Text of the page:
Although much of the dialogue on 5G spectrum in the US has focused on millimeter (mmWave) spectrum, it is not clear whether the mmWave spectrum is suitable for mobile network deployment in the near to mid-term future.
This is exactly why Verizon is concentrating on the Fixed Wireless Access use case in order to develop an ecosystem of vendors to advance mmWave technology and showcase the building blocks that will ultimately be necessary for the commercial deployment of mobile 5G. The array of technologies that need to be developed, miniaturized and optimized include antenna technology, RF front-end circuits, including mmWave power amplifiers and filters, as well as the associated PHY and MAC digital circuitry capable of utilizing mmWave for the over-the-air interface. All this has to ultimately be developed in low power semiconductor technology for integration in handheld, battery operated smartphones.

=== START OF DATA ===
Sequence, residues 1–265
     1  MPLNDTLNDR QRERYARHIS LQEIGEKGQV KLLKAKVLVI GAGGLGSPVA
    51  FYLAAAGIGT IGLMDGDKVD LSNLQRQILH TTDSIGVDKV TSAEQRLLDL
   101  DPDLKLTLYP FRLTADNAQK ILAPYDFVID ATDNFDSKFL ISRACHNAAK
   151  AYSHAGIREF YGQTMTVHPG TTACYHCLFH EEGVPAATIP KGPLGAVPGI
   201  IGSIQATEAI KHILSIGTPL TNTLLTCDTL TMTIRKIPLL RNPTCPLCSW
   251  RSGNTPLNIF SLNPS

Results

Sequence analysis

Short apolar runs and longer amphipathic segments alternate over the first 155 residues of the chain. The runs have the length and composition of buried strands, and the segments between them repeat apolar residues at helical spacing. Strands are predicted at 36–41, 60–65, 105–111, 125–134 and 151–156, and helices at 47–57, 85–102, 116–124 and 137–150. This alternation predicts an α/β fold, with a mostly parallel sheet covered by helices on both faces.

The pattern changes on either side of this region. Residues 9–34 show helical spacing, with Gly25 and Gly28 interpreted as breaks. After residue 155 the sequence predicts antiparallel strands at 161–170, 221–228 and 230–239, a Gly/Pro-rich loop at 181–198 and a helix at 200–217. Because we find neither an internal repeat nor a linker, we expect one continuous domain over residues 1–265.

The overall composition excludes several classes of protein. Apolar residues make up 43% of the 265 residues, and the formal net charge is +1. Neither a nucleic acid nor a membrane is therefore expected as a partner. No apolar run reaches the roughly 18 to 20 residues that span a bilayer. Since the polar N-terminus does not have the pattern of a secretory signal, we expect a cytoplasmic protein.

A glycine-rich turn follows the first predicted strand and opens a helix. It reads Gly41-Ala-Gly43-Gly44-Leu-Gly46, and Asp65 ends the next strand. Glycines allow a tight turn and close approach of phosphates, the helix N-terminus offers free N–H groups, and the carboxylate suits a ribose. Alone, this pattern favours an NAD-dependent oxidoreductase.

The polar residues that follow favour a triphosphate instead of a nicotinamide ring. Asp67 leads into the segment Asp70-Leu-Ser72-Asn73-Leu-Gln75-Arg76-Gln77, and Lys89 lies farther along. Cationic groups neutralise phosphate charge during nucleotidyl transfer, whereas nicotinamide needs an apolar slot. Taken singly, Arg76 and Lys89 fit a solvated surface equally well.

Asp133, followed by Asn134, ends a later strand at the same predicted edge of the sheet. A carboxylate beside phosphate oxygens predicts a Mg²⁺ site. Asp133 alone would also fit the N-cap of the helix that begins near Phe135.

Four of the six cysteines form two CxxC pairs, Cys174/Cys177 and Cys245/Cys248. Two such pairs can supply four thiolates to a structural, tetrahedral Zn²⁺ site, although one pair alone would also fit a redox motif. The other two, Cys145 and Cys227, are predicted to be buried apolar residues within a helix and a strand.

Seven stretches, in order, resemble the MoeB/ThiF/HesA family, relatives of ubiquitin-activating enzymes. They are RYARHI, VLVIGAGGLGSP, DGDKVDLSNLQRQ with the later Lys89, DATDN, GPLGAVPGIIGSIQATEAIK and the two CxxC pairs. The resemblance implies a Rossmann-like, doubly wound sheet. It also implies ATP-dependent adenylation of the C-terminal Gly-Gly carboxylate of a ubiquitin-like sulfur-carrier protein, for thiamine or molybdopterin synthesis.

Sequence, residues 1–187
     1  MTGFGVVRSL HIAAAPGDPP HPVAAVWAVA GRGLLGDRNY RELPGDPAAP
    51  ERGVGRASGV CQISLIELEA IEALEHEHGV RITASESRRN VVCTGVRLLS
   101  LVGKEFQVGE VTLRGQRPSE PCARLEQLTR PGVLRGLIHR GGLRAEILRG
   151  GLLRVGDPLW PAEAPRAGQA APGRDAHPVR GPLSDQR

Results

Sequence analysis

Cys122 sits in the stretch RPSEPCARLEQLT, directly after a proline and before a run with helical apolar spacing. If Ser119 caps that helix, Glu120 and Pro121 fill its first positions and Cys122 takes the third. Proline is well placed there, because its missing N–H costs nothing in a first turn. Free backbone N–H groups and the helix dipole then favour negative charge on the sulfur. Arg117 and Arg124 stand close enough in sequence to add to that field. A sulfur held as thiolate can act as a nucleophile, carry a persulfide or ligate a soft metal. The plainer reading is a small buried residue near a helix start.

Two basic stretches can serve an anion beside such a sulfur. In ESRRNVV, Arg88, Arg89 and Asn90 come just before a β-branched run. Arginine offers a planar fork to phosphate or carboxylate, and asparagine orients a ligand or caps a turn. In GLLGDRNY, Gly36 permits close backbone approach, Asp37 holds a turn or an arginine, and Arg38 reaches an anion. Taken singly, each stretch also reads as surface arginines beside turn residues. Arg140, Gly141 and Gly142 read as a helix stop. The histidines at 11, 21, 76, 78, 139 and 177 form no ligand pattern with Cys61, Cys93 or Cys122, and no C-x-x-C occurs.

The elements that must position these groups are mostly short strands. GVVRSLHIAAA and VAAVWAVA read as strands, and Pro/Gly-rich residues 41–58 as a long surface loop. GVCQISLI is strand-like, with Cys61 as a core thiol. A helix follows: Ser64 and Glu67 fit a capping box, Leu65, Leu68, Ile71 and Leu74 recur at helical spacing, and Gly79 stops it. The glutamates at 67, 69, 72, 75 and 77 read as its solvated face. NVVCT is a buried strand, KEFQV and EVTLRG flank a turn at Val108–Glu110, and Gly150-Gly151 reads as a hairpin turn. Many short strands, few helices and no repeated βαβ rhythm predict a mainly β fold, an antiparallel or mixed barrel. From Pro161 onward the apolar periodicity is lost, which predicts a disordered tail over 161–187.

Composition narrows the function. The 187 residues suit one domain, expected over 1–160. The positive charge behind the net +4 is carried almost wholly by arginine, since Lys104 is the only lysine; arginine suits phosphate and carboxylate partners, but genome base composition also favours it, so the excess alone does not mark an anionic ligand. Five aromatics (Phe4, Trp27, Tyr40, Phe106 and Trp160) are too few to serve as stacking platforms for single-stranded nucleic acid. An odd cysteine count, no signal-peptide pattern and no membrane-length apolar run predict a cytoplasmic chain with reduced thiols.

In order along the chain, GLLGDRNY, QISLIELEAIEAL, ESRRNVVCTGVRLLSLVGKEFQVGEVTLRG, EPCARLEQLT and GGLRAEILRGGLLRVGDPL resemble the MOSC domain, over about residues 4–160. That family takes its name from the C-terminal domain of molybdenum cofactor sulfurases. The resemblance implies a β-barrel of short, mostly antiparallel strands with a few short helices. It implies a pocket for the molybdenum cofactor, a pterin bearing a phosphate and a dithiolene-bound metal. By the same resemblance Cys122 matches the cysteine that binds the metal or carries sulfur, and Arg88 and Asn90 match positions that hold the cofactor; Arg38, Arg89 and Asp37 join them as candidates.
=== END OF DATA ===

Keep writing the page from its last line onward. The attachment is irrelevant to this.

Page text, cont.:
For now, the 5G Fixed Wireless Access use case is an ideal application to enable the industry to develop and test many of the piece-parts that will ultimately be integrated into smartphones. Most industry analysts and observers will agree that it is unlikely to see wwWave 5G technology integrated into smartphones in the next two years. Low-band wireless signals travel further and penetrate obstacles like buildings better than the mid-band and high-band spectrum. But if the Mobile 5G promise is to be met by the 2020 timeframe, sub-6 GHz spectrum will be necessary.
In a new report, Spectrum Strategies for 5G, Wireless 20/20 examines the state of the US sub-6 GHz spectrum availability as it applies to 5G Mobile deployments. By asking “What spectrum bands will US operators use for Mobile 5G?” we examine not only the current spectrum holdings of the top 4 US mobile operators, but also the potential availability of suitable spectrum for mobile 5G deployment in the USA.